By Azu Ishiekwene
When the Presidency decided that it would not make any statement about President Muhammadu Buhari’s health status on his second medical trip to the UK where he has now spent half of the year, it opened the door for rumours to thrive and fester.
Of course, there is a sense in which the government can argue that there is no point speaking on the matter because those who will not believe will not even if they see him face to face and inspect his body and medical records with a magnifying glass.
Yet, sometimes I don’t think it’s the unbelief that worries Buhari’s close minders, as it is what the unbelievers, especially the political elite, might do or undo with any information they may have.
But in an attempt to manage the secrecy to the advantage of a few for as long as is practically possible, the Presidency has left itself in an extraordinarily embarrassing spot twice in three weeks.
The first time was when a group of busybodies had to refute a report on behalf of the Presidency about whether or not the First Lady Aisha saw her husband during her recent visit. The second is a voice note purportedly sent by Buhari at the end of Ramadan.
It’s probable that it was Buhari’s voice but the haste and quality of the delivery leave room for reasonable suspicion. What is certain is that those who wanted to make a public relations coup out of the note may have swindled Buhari and the public at large.
What has been undone has been undone and there’s no delicate way to put it without looking stupid. But at the risk of stupidity, I doubt very much that a Buhari with any presence of mind and even partial awareness of the flaring ethnic tensions in the country will, of his own free will, choose to address Nigerians in Hausa language at the time he did.
Why would he do that? Why, at a time when ethnic warlords are determined to set the country on fire, would Buhari choose to speak to the country in Hausa language after nearly 50 days of silence? Why would he do that except if a clique had told him the voice note would be broadcast to a narrower, homogeneous audience, only to supplant him after squeezing the note out of him? I think we’ve been swindled, though it seems pointless to say so now.
But I also think it’s dangerous to be silent. The President of Nigeria is too big to hide or be hidden, whatever the problem may be. At the current rate, a small clique will not only try to hide the president for as long as it pleases, it will also manipulate the Presidency, leaving it only a shade better than it was during the last days of former President Umaru Yar’Adua. But we have seen that even that shade is not beyond manipulation.
That’s part of the unspoken message from that voice note. OK, Buhari handed over to Yemi Osinbajo to co-ordinate as “Acting President.” But where was the Acting President in this voice note business? Did he get a copy, listen to it and wave it on as the best thing that happened since Gaskiya Tafi Kwabo?
If Buhari needed to convey a message to Nigerians, the proper thing would have been for such a message to go through the office of the Acting President, and not through a clique that distributed it through backdoor channels to the Hausa service of the BBC and a few other broadcasters.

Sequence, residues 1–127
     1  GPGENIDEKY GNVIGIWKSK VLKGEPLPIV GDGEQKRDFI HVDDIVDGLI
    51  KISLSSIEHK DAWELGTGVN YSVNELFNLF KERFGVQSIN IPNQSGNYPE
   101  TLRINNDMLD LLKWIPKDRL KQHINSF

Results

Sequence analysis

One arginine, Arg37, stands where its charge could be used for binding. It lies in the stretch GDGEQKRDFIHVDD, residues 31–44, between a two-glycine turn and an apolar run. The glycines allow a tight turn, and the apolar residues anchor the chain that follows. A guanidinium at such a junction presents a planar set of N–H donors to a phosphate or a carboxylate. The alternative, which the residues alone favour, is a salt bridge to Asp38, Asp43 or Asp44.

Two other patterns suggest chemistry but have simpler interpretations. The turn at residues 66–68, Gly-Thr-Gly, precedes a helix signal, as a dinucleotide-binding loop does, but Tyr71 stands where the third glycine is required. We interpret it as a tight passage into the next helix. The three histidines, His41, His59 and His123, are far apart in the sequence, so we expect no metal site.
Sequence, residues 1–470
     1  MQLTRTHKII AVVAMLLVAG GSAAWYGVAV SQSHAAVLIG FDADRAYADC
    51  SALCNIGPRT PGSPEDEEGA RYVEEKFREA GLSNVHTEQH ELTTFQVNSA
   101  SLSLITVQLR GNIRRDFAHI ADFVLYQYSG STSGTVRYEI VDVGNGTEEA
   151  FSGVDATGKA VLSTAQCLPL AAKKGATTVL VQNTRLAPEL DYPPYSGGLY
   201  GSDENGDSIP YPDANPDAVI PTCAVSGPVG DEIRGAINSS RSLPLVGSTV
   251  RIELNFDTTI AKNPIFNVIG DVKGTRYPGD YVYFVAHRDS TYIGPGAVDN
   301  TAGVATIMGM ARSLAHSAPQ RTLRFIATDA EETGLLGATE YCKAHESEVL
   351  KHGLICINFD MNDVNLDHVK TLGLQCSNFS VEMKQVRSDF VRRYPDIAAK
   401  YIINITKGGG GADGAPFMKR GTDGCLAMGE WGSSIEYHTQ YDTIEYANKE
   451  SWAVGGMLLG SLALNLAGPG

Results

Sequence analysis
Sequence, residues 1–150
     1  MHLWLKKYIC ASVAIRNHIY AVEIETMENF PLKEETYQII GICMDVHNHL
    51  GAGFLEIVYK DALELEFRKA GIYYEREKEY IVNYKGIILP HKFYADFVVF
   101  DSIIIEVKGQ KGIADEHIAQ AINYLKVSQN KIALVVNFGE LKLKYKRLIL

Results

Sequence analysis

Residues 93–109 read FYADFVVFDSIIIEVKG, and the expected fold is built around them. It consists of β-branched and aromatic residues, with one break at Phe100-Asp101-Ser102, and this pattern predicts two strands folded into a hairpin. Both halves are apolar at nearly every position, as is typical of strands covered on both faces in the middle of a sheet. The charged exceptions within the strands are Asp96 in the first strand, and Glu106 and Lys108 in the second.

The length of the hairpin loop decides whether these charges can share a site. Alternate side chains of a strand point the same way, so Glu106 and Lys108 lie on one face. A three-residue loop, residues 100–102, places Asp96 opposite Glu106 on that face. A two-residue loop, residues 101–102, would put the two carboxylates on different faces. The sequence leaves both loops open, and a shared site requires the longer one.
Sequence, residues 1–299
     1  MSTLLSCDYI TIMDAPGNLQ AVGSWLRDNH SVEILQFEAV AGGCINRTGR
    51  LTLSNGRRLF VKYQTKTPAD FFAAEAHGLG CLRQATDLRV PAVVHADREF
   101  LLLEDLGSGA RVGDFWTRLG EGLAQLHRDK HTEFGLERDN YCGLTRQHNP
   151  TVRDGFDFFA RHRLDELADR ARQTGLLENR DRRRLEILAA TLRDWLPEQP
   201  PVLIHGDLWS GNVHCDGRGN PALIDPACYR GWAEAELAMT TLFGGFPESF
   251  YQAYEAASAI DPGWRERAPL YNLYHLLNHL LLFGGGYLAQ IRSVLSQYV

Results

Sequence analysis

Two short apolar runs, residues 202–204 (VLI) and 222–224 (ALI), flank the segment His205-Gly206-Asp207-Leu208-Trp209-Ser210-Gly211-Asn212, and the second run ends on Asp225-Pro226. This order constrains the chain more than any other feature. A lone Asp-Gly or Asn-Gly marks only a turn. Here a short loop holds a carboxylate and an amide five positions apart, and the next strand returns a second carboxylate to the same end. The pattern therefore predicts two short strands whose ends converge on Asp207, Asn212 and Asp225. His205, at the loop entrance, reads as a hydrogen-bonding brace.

When he spoke briefly to worshipers in a Kano mosque by phone during his earlier medical trip this year, it was understandable that he did so in Hausa. But to speak to all Nigerians in Hausa in the midst of a storm is beyond me to accept as his rational wish.
The clique will do worse if we keep silent. As the days of Buhari’s absence lengthen and concerns rise that the political elite could mount a challenge, the clique might pull off another stunt, despite having its fingers burnt by wangling a voice note.
It’s difficult to accept at this time that all the shenanigans is about saving the Number 1 spot in the Presidency for Buhari and nothing else. The clique has been playing its hands for far too long and its decision to keep the status of Buhari’s health in complete secrecy this time is proving too much for its own predations.
There had been all kinds of stories of power intrigues, especially about Chief of Staff Abba Kyari, insisting that statements from the acting President’s office must be cleared with him. Not a big surprise if you keep in mind that Daily Trust reported the weekend before Buhari’s trip that Kyari met alone with the Service Chiefs in the Villa for God knows what.
The surprise, perhaps, is that one man – with possibly three or four others – can manipulate the system to the point where a note would be extracted from a sick president for dubious ends.
The frequent reminders that there’s one, undivided Presidency are useless, especially because we often get the lecture from the ones who are mainly responsible for the schisms. If there is indeed one Presidency, the apostles have to redeem it by investigating how Buhari’s voice note was procured, who authorised its distribution and why.
I don’t know the last time Osinbajo spoke with Buhari – assuming he has done so at all – in the last 50 days, but I think it should concern him that the reputation of the government, which he heads even in acting capacity, is unraveling rapidly. As long as silence and hypocritical requests for prayers remain the official policy to managing information about Buhari’s health status, we will have to contend with worse treachery than the voice note.
That voice note was just one scam in a long series of upcoming dramas.
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